Eco Reserves, Lagunas, and Frailejones - Adios Ecuador

Quito offers up warm sunny days, the standard over consumption of city food and coffee, and time to wander through the historic center's nooks and crannies.

A trip to Basilica del Voto Nacional – the largest neo-Gothic basilica in the Americas – includes a shaky-knee climb to the tower over the nave.  Technically unfinished, though hard to discern what exactly is incomplete, local legend has it that completion equates to the end of the world. 

I wander the city enjoying a "white walls of modernism" tour.   

With the pervasive increase in more "modern" western conveniences in Ecuador, it's always refreshing to see smaller, traditional ways of commerce still holding on.

I backtrack out of Quito on the ciclovia towards Pifo and pick up the mellower Trans Ecuador north.  Sadly, a grumbly stomach the day before thwarts the opportunity to swing by the Dammer Farm and say thanks to Michael in person for his help with routes and random questions along the way.

An on again off again wincher brings me up through a sliver of Cayambe-Coca Ecological Reserve. With nearly a million acres set aside, the Reserve offers a sublime setting of thick grasslands and crystal clear waters. Not on the typical tourist route, it is a study in silence.

I awake to views of Nevado Cayambe; the third highest mountain in Ecuador. And, somewhere out here I cross the Equator. 

From Cayambe, I cut across to Tabacundo and pick up a stout climb up to Laguna Mojanda and its smaller sibling Huarmichocha.

Otavalo mural.  Shame I put my bike in front of it...

A mellow, nearly out an back to Reserva Ecologica Cotachachi-Cayapas to see Laguna Cuicocha deposits me a stones thrown up the road in Cotachachi.

A day long climb up towards Pinan serves up a fantastic midway flat section along a water canal,

including two of these crossings.

The other side deposits me into tomate de arbol heaven.  A staple Ecuadorian fruit and my favorite in SA, these guys send me on my way with a few for the remaining climb.

Since it's Thanksgiving, I follow American tradition and stuff my face with an open-face avocado, cheese, onion, and la Sazon sandwich chased with an apple and a scoop of knock-off Nutella.

And this is what all the days efforts are about - pristine paramo Andino views and a thin squiggle of dirt meandering along. Magic.

Morning brings a decent into the isolated indigenous village of Pinan. 

Rodrigo and his Lee Chan whip escorts me around town with a stern eye.

I drop my bike at the tienda in town and hike out to Laguna Pinan.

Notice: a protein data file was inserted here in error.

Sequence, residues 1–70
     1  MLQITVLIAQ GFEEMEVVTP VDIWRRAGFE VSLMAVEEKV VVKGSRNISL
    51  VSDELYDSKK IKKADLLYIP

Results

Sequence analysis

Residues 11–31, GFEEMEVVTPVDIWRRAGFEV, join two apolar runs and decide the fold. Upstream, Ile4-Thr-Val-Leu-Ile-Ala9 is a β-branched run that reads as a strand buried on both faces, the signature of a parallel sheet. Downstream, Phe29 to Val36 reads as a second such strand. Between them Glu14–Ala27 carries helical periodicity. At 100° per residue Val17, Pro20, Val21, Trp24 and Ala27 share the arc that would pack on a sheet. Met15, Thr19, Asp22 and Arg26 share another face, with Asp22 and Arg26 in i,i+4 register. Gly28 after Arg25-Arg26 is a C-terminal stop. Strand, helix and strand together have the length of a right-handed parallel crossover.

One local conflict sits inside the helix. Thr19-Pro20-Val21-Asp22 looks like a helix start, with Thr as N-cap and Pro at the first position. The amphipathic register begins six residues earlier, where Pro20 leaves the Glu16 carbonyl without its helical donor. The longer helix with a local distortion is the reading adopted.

Exiting Pinan turns into an ordeal. The whole town is encircled by five foot high dirt walls and drainage ditches equally as deep.  In the span of about a hundred yards, I  cut through someone's yard and piss off the dogs, heft my bike over two walls, cross a pig pen and a waist deep stream.  Then it's deep into the middle of the waist high grassy paramo.  Three hundred meters shy of the highpoint and about four miles before anything rideable, I turn around and make my way back to the edge of the village.  As I try to pry open a gate, a super nice local comes out to assist in hoisting my bike up and over another two walls, before I can escape.  The short of it is currently I can't get my bike on my back, which makes this type of hike-a-bike draining, to say the least.

I exit the village the way I entered, reconnecting with the road and the approaching late afternoon soup.

The following morning brings a long decent down to sweltering, greener lowlands.

I bottom out in Guadual at a roadside restaurant, where the nicest Colombian owners chat with me while I polish of a few Arepas con queso and jugo de guayaba. They send me off with an arepa for the road and hearty waves.

Crossing Rio Mira, I pick up a deserted old train track paralleling the main highway.

Tracks disappear and the slow creep upwards towards the border begins with a stop in La Concepcion for the night.

Outside of El Angel, I enter El Angel Ecological Reserve home to the frailejón. Standing between half a meter and seven meters high, they grow a scant 2.5 cm per year and cover the hills as far as the eye can see. Other than the park ranger, I have the meditative landscape to myself.  I stare in awe at the shear scale of their coverage while they resonate at different frequencies in the morning wind.

February and March are the main flowering months; one can only imagine the spectacular yellows spreading out in all directions.

El Angel Ecological Reserve marks a majestic end to my tour of Ecuador. It's easy to think the bulk of the Ecuadorian highlights exist between Cuenca and Quito, but there's so much more to the country and its biodiversity. Scratching the surface a bit deeper is worth every effort.


Quito - Pifo - Papallacta - Cayambe - Laguna Mojanda - Otavalo - Cotachachi - Pinan - Guadual - La Concepcion - El Angel - Tulcan


For any of you following along on this blog with kids in the high school range who might be looking for a semester alternative to the classroom, please checkout either the Dammer's blog at or their Facebook page Nahual Aventura y Sustentabilidad.  I know Michael Dammer through following the routes he and Cass Gilbert put together and from his help with questions along my journey.  And while I don’t know all of the in’s and out’s of their program, it strikes me as an excellent opportunity to advance beyond traditional classroom settings and gain early leadership skills. I wish I had done something similar when I was getting ready to transition from high school to college.